Former President George W. Bush, who before leaving office warned against withdrawing U.S. troops from Iraq too early, told Fox News that America has since learned the "lesson" that Iraqis are not yet capable of providing for their own security. 

The former president, who spoke with Fox News' Brian Kilmeade, reacted to President Obama's decision to launch airstrikes in Iraq -- and now Syria -- in a new war against the Islamic State. 

Asked if the Iraqi people failed to seize the opportunity to build a new country, Bush stressed: "It's not over." 

But he said the U.S. military intervention shows the Iraqi people still need help. 

"The Iraqi people obviously are going to have to make a decision as to whether or not they want to live in peace," the former president said. "They're not ready to do it on their own, and that's the lesson we've learned recently."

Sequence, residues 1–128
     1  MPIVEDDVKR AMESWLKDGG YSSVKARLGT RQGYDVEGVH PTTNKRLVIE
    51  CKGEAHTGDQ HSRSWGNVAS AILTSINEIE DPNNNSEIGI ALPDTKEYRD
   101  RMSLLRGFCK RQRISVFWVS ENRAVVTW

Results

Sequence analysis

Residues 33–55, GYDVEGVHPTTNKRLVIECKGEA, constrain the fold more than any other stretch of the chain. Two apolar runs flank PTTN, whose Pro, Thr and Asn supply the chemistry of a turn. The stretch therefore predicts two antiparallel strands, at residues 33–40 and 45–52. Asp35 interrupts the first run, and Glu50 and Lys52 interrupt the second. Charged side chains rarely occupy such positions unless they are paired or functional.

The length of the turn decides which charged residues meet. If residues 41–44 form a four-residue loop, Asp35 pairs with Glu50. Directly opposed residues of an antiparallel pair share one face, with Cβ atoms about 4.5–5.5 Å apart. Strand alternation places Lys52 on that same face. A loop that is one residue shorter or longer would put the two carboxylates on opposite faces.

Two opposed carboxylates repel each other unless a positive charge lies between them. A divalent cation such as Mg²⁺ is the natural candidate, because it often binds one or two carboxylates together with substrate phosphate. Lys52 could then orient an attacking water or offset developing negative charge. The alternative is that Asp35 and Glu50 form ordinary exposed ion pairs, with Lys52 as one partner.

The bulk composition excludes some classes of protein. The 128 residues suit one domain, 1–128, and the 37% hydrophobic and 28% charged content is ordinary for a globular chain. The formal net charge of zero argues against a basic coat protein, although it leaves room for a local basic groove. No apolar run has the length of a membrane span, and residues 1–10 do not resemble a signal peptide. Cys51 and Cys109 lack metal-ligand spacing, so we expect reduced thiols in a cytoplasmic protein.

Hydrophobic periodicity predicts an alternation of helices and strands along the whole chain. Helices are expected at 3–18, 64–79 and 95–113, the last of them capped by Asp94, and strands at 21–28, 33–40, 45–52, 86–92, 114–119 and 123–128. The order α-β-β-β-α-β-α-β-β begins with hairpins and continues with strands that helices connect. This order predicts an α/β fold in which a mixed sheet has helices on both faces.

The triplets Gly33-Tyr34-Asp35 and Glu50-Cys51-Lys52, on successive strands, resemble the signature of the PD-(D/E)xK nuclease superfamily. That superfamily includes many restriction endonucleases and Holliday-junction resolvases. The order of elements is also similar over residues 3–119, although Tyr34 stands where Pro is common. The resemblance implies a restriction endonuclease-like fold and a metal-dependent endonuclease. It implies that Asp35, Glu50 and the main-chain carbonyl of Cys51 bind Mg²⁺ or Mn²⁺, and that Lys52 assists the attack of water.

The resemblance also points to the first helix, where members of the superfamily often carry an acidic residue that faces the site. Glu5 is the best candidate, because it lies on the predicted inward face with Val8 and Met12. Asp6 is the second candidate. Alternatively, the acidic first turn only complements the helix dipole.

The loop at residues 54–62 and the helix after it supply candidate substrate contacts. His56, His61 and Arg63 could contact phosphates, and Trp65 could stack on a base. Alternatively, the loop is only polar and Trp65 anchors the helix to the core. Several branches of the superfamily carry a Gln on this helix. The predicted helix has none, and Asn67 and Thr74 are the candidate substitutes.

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Bush, in 2007, had delivered a prescient warning about what might happen if U.S. troops withdrew too early. He said at the time this would risk "mass killings on a horrific scale" and potentially draw U.S. troops back into the country. 

Those predictions have since come true. 

Asked Thursday how he knew, Bush said: "I know the nature of the enemy." 

"Anybody who kills 3,000 innocents and beheads people because of their religion or because of their point of view is dangerous," Bush said. 

He said the long-term strategy to confront this threat and foster democracy "takes time," and lamented what he described as "impatience" with that process. 

"Americans have got to understand that the lesson of 9/11 is still important today as it was right after 9/11, and that is the human condition elsewhere matters to our national security," he said. 

Bush said he agreed with Obama's military advisers that the U.S. should have left a residual force when it pulled out at the end of 2011. 

But he said he's not going to "second-guess our president -- I understand how tough the job is."